Federal authorities have said the Orlando shooter legally obtained the weapons he used at the night club. The assault weapons ban barred AR-15 rifles, but the exact model used by Mateen may not have been covered by the ban. The AR-15-style firearm also was used in the mass shootings in San Bernardino, California, and Newtown, Connecticut.
CLINTON: "If the FBI is watching you for a suspected terrorist link, you shouldn't be able to just go buy a gun with no questions asked. ... If you're too dangerous to get on a plane, you are too dangerous to buy a gun in America."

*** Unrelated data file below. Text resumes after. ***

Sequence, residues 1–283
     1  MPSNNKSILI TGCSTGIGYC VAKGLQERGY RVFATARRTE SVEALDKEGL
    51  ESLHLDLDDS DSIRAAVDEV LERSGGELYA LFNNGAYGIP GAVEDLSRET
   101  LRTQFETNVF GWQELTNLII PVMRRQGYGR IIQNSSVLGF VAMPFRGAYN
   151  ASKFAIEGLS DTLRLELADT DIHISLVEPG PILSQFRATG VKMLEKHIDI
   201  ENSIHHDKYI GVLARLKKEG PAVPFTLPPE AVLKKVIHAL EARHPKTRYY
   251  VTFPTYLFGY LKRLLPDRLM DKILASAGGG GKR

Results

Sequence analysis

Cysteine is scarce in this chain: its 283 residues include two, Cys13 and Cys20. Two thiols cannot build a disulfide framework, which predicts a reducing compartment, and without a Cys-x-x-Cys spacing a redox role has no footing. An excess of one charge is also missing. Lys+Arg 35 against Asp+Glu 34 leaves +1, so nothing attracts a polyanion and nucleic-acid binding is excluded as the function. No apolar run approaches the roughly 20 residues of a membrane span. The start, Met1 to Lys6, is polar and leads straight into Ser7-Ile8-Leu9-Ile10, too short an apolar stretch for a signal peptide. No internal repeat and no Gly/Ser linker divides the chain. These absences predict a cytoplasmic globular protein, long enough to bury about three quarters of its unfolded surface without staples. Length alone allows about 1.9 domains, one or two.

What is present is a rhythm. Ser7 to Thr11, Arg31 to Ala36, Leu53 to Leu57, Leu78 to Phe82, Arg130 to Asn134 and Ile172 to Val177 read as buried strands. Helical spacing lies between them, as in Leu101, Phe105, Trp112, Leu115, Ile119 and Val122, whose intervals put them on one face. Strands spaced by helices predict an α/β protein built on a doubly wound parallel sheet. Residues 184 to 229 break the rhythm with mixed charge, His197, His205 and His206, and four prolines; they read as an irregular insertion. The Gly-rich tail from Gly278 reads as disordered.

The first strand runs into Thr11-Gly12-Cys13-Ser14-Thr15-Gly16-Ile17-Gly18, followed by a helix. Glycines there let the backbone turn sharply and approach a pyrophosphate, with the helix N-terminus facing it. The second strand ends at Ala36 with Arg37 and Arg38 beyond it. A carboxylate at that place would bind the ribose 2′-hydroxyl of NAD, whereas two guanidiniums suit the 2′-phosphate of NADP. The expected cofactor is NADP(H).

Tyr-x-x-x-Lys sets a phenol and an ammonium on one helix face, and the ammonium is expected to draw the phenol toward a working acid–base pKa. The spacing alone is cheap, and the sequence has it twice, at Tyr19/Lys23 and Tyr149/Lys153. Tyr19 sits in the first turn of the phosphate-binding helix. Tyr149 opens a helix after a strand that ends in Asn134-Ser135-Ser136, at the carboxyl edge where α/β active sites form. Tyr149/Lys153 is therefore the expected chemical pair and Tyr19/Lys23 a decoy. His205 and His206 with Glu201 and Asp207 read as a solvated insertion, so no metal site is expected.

THE FACTS: Federal law is very specific about who is barred from buying a gun. The list of prohibited buyers includes convicted felons, those convicted of a domestic violence offense, fugitives from justice, drug addicts and those who have been judged by a court to be "mentally defective."
Being investigated by law enforcement does not bar a person from buying a gun. And Mateen was not under investigation when he bought the guns he used.
According to a 2015 analysis by the Government Accountability Office, people on the FBI's consolidated Terrorist Watchlist successfully passed the background check required to purchase firearms more than 90 percent of the time, with more than 2,043 approvals between 2004 and 2014.
Gun rights advocates argue that placement on such a list doesn't give people adequate due process to justify revoking their constitutional right to bear arms.